The Pentagon is for the first time requiring private security contractors to meet a series of certifiable standards that govern how their businesses are run and how they operate overseas, a move that some say is long overdue.
Sparked in part by the fatal shooting of 14 unarmed Iraqis in 2007 by Blackwater Worldwide guards, the effort gives the Pentagon the ability to more easily hold accountable companies that go rogue and is designed to improve the performance and image of an industry often seen as run by mercenaries.
In future contracts, the Pentagon will require companies to meet dozens of standards including thoroughly vetting and training employees, safeguarding weapons and ammunition, abiding by local laws, protecting human rights, and outlining rules for use of force.
Because the standards will become part of the contracts, the Defense Department then has recourse if things go wrong, officials said.
If there is an incident, “you can take action immediately and notify the company you’re canceling the contract,” Deputy Assistant Defense Secretary Gary Motsek said in an interview. Contracting officers “have the tools and standards to measure against, so there’s a better level of positive control than we’ve ever had before.”
But Christopher Shays (R), the former Connecticut congressman who was the co-chair of the Commission on Wartime Contracting, said that the ability to hold private contractors to account should have been put in place far earlier.
“It’s just sad that it takes so long to do the obvious,” he said. “It’s taken far too long, embarrassingly long. . . . Candidly, it’s just one more kind of example where people begin to lack faith in their government.”
Another problem, officials said, is that while the Pentagon has adopted the standards, the State Department has not. That is troubling, they said, given that the State Department relies on private security contractors in large numbers and was the agency Blackwater was working for at the time of the shooting in Iraq.
In a statement, the State Department said Congress required that the standards apply only to the Pentagon. But the State Department “is looking at incorporating them into its future security contract opportunities,” including when it awards a major contract next year to protect diplomatic personnel around the world.
Motsek and others said that developing the standards was a massive and time-consuming undertaking that involved more than 200 people from 24 countries, with representatives of governments around the world, the industry and human rights organizations.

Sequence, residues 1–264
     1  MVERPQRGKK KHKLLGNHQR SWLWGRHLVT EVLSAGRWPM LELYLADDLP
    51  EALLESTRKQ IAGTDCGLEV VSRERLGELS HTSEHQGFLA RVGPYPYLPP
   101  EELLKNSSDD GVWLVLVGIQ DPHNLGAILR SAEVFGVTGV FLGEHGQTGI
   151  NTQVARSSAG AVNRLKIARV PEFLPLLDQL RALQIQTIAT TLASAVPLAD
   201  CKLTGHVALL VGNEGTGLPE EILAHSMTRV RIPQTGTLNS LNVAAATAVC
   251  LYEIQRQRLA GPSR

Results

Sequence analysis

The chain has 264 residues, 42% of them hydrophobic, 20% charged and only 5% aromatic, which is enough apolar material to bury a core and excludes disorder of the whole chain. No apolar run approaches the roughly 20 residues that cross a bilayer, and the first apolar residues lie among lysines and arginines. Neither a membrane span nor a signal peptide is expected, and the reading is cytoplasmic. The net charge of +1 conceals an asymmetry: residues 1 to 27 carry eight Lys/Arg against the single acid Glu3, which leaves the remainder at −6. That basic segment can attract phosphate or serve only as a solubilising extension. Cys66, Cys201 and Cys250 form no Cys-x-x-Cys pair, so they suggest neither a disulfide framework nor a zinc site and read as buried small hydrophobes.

Given the complexity of the effort, it was completed quickly, they said.
Concerns about how private contractors were operating overseas spiked during the wars in Iraq and Afghanistan. In 2004, four Americans working in Iraq for a security contractor were killed, and two of their burned bodies were hung from a bridge in Fallujah. In 2007, the Blackwater shooting in Nisour Square again drew attention to the roles that contractors were playing in the wars. And last month, a federal jury in Washington convicted four guards in the shooting — one of the darkest chapters of the Iraq war.
At one point, there were as many as 50 private security companies with more than 30,000 employees working in Iraq, providing security and intelligence services.
Congress ordered the Pentagon in 2011 to come up with a set of standards that could be audited and made part of the contracting process. The initiative grew out of earlier efforts designed to raise the professionalism of the industry — such as the Montreux document and the International Code of Conduct, which has hundreds of companies across the world as signatories.
While those efforts have been criticized as toothless, the association overseeing the international code is working to increase oversight and accountability.
But the Pentagon said contractors can now be audited to ensure they are in compliance with its standards. And some contractors are starting to get certifications from independent third parties to show that they meet the standards.
“There was recognition that okay, great, we’ve identified best practices for states. What about the companies themselves?” said Rebecca DeWinter-Schmitt, co-director of the Human Rights in Business Program at American University Washington College of Law, who helped craft the standards. “While there were industry codes in existence, there was nothing with real teeth to it out there.”
Companies, particularly the more reputable ones, were eager for the standards because they will raise the quality of the entire industry, said Marc Siegel, commissioner of the Global Standards Initiative at ASIS International, the group that developed the standards.
“The good companies want the bottom feeders out of the market,” he said. “Bottom feeders can always underbid, and if one of them screws up, it casts a bad light on everybody else. . . . The companies that really want to do this as a serious business want to be seen as doing it seriously.”
One of the first companies to be certified by an accredited body is GardaWorld, a Canadian firm that is the largest privately owned security company in the world.
The company said it is “wholly committed to the application of effective standards to this industry” because it “will significantly reduce the likelihood and the impact of negative or disruptive incidents, and will support a safer workplace, even in high risk environments.”
There is a benefit for the government agencies and companies that hire security contractors as well, officials said.
“It will minimize the likelihood of something going wrong,” Siegel said. “And it will also give them some protection because they can say, ‘We really did try to do this the right way.’ ”